How the Crisis Endangers Breast Cancer Patients

One of the most common kinds of cancer among women is extremely difficult to prevent and treat in Venezuela and it has a severe impact on thousands of people

Photo: Examen ONU Venezuela

The ongoing humanitarian emergency in Venezuela is putting breast cancer patients at risk. Treatment can be highly effective when breast cancer is diagnosed early, but the crisis makes it very difficult to obtain treatment in Venezuela. 

In the Americas, more than 462,000 women are diagnosed with breast cancer every year, making it the most common type of cancer among women in the region. Nearly 100,000 die annually from the disease, according to the Pan American Health Organization. However, as with other epidemiological data, there are no reliable official figures on breast cancer cases or deaths in Venezuela. 

Available data from the Global Cancer Observatory, a platform of the World Health Organization’s International Agency for Research of Cancer, estimates that 3,000 to 3,500 women died of breast cancer in Venezuela in 2020—approximately nine women every day. And this may be a gross underestimate, given that it’s based on a model that doesn’t take into account the most recent dire changes in the country’s public health system. 

Even if it’s an underestimate, Venezuela’s age-specific breast cancer mortality rate of approximately 19 deaths per 100,000 women is nearly 30 percent higher than the average for all other South American countries.

According to the Venezuelan organization Funcamama, while the life expectancy of women diagnosed with metastatic breast cancer in the region is five years, 80 percent of women with metastatic breast cancer in Venezuela who received the group’s support between 2018 and 2021 lived less than three years. This includes 10 percent who died within the first year. 

Regular screening with mammograms, which PAHO recommends for women ages 50-69 in well-equipped systems, is simply not possible for many women in Venezuela. Mammography equipment is in short supply in the public health system and getting a mammogram in a private facility is prohibitively expensive for many. A mammogram costs more than US$50, which means a woman who earns minimum wage (of approximately US$2.50 monthly) would need to work for more than a year and a half to pay for it. Funcamama provides some mammograms at a subsidized cost of US$20, but many still can’t afford them.

The shortage of medical equipment in Venezuela has also undermined access to treatment in the public healthcare system. Over the past five years, 22 radiation therapy units have reportedly closed, leaving only one operational unit to treat breast cancer nationwide. A second one reportedly opened recently. The waiting lists are so long that women are waiting up to a year just to start treatment. The cost of private treatment can reach nearly US$10,000, according to Funcamama.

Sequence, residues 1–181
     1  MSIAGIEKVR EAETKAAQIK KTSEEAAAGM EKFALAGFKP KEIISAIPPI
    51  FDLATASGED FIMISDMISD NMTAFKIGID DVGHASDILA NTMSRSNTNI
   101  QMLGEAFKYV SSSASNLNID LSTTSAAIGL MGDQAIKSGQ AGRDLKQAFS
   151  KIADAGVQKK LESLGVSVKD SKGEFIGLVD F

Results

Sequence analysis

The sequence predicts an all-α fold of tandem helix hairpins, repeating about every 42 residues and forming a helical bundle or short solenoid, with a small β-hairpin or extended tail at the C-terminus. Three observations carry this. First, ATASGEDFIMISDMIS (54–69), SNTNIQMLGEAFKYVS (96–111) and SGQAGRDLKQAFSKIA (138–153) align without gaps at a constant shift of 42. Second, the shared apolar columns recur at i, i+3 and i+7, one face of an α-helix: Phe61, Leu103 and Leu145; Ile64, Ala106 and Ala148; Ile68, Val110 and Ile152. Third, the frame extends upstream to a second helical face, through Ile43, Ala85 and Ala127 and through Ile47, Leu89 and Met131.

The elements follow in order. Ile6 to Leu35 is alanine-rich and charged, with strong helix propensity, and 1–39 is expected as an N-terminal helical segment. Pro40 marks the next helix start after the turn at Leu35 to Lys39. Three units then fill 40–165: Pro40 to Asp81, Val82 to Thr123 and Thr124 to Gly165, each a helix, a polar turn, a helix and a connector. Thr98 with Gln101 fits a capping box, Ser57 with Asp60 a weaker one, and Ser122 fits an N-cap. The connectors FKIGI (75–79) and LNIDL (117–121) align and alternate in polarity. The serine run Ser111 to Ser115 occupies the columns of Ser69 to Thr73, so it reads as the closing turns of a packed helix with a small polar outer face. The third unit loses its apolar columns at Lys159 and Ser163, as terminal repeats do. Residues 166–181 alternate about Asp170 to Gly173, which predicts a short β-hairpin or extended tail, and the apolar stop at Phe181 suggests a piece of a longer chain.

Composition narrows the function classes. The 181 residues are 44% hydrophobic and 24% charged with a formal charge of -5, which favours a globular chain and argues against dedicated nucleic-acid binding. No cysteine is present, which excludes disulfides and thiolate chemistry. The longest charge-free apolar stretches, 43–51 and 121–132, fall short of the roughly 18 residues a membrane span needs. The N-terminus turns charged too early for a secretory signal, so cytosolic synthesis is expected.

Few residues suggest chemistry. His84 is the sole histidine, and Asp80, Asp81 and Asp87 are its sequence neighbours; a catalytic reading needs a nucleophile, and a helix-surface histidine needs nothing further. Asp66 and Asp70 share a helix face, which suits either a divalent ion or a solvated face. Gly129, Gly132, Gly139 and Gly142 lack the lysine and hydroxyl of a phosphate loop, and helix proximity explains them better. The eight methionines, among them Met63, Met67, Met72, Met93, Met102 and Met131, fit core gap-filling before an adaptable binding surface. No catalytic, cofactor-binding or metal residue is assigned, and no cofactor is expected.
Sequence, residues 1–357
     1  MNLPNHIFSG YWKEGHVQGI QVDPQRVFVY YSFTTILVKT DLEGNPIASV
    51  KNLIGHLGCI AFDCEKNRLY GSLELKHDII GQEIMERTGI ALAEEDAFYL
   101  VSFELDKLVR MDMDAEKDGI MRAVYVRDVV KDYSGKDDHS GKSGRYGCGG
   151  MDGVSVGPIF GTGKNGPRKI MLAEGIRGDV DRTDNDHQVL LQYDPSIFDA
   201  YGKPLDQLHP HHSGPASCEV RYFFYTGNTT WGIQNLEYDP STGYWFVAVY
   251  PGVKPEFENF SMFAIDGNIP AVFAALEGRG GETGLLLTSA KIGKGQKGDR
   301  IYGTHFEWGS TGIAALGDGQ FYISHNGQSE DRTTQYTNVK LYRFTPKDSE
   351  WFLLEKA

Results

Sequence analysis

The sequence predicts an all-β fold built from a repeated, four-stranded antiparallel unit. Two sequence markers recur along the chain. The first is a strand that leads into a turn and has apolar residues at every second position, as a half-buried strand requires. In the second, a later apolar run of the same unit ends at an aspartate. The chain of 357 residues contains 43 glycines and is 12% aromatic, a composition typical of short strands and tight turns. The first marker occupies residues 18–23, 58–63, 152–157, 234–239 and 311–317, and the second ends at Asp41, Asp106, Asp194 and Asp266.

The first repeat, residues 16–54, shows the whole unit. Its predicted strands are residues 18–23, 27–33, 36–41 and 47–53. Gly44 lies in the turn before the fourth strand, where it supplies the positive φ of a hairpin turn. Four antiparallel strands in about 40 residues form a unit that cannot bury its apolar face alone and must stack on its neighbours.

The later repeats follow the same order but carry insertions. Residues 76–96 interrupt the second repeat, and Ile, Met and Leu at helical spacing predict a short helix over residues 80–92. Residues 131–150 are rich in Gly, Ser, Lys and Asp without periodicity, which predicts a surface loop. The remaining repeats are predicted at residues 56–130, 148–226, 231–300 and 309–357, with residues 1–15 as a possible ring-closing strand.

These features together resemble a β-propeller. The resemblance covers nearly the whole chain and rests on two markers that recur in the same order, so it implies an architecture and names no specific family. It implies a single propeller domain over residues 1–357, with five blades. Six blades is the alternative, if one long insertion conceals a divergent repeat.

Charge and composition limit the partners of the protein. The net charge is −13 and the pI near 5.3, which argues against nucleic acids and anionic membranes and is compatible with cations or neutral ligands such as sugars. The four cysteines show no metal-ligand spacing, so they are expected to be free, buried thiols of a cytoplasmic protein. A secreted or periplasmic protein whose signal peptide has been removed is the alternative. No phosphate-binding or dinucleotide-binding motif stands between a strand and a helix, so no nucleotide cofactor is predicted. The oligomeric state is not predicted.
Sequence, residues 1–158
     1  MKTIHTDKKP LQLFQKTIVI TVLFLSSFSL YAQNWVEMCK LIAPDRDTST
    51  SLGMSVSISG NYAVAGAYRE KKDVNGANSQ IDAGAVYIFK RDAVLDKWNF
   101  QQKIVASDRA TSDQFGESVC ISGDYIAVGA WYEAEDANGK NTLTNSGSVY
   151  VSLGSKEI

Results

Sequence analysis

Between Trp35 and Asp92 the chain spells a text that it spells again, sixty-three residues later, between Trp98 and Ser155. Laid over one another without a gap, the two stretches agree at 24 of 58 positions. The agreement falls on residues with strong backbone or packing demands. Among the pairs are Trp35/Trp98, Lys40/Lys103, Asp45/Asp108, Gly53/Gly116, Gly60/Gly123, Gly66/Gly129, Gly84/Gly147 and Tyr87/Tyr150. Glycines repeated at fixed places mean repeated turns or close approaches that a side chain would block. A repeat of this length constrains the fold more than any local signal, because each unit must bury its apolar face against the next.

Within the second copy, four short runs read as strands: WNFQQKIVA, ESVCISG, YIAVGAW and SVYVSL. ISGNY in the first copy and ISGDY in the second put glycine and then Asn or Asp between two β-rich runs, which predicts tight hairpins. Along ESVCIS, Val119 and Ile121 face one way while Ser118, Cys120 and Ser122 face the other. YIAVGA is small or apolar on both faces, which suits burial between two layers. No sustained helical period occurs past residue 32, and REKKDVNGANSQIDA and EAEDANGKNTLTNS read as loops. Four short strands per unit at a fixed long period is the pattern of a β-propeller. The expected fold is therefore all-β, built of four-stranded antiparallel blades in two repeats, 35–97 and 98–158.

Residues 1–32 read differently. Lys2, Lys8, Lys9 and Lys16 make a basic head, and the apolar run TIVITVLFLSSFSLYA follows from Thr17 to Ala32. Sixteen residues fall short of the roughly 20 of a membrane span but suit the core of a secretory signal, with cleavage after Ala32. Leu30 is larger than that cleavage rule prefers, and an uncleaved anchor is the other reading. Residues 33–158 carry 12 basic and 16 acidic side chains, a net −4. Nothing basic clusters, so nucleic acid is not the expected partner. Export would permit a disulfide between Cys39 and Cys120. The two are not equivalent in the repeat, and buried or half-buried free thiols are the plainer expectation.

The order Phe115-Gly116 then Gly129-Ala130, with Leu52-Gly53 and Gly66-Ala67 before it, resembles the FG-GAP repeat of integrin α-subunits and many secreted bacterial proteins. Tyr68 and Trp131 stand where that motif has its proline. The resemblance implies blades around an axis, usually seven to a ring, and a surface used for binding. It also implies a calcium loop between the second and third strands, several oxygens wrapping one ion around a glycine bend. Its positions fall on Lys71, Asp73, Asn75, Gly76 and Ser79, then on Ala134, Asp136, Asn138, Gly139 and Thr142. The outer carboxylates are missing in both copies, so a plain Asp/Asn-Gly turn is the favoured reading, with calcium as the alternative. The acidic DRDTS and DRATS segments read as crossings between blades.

There are other obstacles in accessing treatment. For example, one of the three main hospitals in the country for cancer treatment, in Carabobo, closed its radiation therapy unit in March 2016. It hasn’t been providing chemotherapy since 2019 either, due to a nationwide shortage of necessary medicine. This year, it stopped providing surgery or even regular medical appointments. 

More than 25 medications necessary for breast cancer treatment aren’t available at the pharmacies of the Venezuelan Institute of Social Security (IVSS).

Tamoxifen, which is listed as an essential medicine for breast cancer treatment by the World Health Organization, is only available irregularly. These pharmacies can be out of this medication for months. Women are forced to find and buy it on their own. Some have even crossed the border with Colombia to do so. Treatment with Tamoxifen requires medical follow-up, which is very difficult to obtain in Venezuela today.

In 2020, the Inter-American Commission on Human Rights ordered Venezuelan authorities to protect the life and health of 12 women with breast cancer who weren’t receiving appropriate treatment or access to essential medication. They are still waiting for authorities to contact them. One of the women died, and another left to get treatment abroad. Three of them required Tamoxifen but had to find it on their own. According to CEPAZ, the organization representing these women before the commission, the spread of cancer worsened the health condition of at least four of the women and others had to pay for private treatment before it became too late. 

The end of another Breast Cancer Awareness Month is a stark reminder that nobody should be dying when death is preventable. Early detection and treatment can save lives. To protect Venezuelan women’s right to health, it is key that the humanitarian response in Venezuela prioritizes support for early detection programs and adequate treatment for breast cancer, particularly outside of the country’s capital.